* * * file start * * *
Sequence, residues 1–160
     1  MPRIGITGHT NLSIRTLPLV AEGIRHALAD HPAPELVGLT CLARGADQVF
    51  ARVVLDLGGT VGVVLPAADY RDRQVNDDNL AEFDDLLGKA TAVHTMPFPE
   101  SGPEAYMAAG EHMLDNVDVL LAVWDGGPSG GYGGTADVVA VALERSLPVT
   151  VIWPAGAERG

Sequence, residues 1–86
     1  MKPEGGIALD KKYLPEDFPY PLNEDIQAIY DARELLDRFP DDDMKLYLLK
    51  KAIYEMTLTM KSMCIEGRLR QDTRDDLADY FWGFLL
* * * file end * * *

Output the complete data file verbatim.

Sequence, residues 1–160
     1  MPRIGITGHT NLSIRTLPLV AEGIRHALAD HPAPELVGLT CLARGADQVF
    51  ARVVLDLGGT VGVVLPAADY RDRQVNDDNL AEFDDLLGKA TAVHTMPFPE
   101  SGPEAYMAAG EHMLDNVDVL LAVWDGGPSG GYGGTADVVA VALERSLPVT
   151  VIWPAGAERG

Sequence, residues 1–86
     1  MKPEGGIALD KKYLPEDFPY PLNEDIQAIY DARELLDRFP DDDMKLYLLK
    51  KAIYEMTLTM KSMCIEGRLR QDTRDDLADY FWGFLL